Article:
|Estimating the consumption of Calanus finmarchicus by planktivorous fish in the Norwegian Sea using a fully coupled 3D model system|Utne, K.; Hjøllo, S.S.; Huse, G.; Skogen, M.D. (2012). Estimating the consumption of Calanus finmarchicus by planktivorous fish in the Norwegian Sea using a fully coupled 3D model system. Mar. Biol. Res. Spec. Issue 8(5-6): 527-547. dx.doi.org/10.1080/17451000.2011.642804
In: Marine Biology Research. Taylor & Francis: Oslo; Basingstoke. ISSN 1745-1000; e-ISSN 1745-1019, meer
Interspecific relationships > Competition
Interspecific relationships > Predation
|Auteurs|| || Top |
- Utne, K.
- Hjøllo, S.S.
- Huse, G.
- Skogen, M.D.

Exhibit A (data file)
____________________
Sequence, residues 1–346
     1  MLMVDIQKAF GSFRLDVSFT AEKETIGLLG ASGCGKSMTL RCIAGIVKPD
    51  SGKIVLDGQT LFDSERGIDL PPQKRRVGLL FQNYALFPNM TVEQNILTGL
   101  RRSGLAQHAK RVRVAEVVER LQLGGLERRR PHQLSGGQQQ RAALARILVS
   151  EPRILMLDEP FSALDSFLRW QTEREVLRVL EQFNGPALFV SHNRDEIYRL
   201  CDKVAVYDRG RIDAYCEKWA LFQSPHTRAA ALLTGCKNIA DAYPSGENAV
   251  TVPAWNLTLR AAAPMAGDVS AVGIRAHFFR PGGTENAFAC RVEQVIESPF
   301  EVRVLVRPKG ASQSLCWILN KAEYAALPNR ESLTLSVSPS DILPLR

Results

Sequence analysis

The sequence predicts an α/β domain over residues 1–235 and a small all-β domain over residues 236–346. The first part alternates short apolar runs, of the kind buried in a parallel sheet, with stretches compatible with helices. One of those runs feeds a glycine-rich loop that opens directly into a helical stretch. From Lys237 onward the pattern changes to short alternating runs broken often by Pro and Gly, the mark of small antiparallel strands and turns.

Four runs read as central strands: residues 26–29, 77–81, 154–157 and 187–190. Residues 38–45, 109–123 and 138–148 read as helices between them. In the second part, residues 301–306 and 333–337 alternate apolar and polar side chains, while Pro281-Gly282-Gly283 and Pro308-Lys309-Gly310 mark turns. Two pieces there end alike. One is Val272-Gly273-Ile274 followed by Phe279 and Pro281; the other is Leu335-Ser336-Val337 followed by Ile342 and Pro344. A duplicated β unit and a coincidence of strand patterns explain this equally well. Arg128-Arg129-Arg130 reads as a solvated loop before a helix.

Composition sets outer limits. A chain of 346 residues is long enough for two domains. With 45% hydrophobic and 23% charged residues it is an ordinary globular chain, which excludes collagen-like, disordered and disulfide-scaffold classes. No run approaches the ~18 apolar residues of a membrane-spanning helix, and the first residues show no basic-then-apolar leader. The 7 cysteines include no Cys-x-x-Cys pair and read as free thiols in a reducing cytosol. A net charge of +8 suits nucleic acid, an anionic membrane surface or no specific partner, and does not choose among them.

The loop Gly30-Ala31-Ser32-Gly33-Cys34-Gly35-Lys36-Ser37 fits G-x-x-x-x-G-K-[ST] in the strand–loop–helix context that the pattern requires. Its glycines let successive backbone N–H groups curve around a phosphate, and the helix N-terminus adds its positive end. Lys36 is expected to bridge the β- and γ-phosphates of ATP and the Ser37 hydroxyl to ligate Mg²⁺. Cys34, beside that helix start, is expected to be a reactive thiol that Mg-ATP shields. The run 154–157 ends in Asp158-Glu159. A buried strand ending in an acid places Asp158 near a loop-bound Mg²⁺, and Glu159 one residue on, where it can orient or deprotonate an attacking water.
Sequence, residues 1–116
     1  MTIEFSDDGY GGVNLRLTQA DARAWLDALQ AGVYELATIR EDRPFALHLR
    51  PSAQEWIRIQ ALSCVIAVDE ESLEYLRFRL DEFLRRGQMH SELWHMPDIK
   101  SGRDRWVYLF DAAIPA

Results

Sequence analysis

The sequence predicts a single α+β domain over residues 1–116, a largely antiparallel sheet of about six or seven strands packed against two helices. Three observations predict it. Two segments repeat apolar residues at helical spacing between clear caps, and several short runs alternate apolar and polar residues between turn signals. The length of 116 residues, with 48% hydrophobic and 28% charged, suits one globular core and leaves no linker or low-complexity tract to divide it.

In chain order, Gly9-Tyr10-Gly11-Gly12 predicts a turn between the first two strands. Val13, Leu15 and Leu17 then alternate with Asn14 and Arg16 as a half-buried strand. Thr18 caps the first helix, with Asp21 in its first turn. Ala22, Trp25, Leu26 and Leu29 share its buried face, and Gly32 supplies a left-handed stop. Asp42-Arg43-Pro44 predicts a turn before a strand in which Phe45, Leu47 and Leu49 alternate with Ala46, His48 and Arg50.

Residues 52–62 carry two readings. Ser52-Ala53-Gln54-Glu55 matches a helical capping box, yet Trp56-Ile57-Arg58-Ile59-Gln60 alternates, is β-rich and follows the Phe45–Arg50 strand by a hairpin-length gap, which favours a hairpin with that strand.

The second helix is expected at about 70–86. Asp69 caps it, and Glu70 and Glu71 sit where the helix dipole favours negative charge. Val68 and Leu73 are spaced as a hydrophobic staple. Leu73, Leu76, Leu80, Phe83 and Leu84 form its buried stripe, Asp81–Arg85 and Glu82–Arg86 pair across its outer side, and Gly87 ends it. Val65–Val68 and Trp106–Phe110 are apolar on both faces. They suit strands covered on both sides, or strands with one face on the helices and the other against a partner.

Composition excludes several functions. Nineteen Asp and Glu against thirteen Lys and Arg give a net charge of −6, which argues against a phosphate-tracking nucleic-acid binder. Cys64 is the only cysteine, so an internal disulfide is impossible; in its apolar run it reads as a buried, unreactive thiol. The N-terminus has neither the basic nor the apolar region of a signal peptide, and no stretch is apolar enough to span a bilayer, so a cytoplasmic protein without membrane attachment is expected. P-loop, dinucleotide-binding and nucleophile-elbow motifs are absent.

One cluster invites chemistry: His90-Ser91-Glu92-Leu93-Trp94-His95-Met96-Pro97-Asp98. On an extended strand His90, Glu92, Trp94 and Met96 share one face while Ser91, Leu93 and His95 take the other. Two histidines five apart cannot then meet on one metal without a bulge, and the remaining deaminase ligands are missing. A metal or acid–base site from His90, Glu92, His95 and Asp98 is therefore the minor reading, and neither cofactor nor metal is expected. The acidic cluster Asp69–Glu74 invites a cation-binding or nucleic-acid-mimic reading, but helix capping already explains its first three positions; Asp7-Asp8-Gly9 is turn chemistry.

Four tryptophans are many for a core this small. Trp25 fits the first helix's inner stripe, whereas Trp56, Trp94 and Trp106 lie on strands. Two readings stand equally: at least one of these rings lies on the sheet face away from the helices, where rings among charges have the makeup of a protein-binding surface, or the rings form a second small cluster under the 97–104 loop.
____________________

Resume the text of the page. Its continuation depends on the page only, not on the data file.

Energy flow and trophic regulation are often well understood in closed freshwater ecosystems. Such regulation is harder to understand in large marine ecosystems, as they extend over vast areas and are influenced by adjacent marine areas. Fully coupled biophysical models have increased in popularity during recent years, but these models are still in their infancy. Here we present a coupled model system of the Norwegian Sea, including an ocean model, a phytoplankton model and individual-based models of the copepod Calanus finmarchicus and planktivorous fish. The fish migration model is driven by survey observations, but the C. finmarchicus densities also affect the fish migrations. This leads to a realistic predation pressure on zooplankton by fish in time and space. The predation pressure of fish on zooplankton is calculated by modelling individual fish growth using bioenergetics models. We estimated that the major pelagic fish stocks in the Norwegian Sea, herring, mackerel and blue whiting, consumed a total of 82 million tonnes of zooplankton, including 35 million tonnes C. finmarchicus, in 1997. Furthermore, the interspecific competition has the greatest effect on blue whiting consumption, while herring consumption is unaffected by the other fish species in this one-year simulation. We also analysed the spatial distribution of C. finmarchicus in June and August and found the highest densities in the northern Norwegian Sea and around Iceland. The results give us a better understanding of the effect from fish predation on the Norwegian Sea ecosystem, and how it affects the C. finmarchicus stock.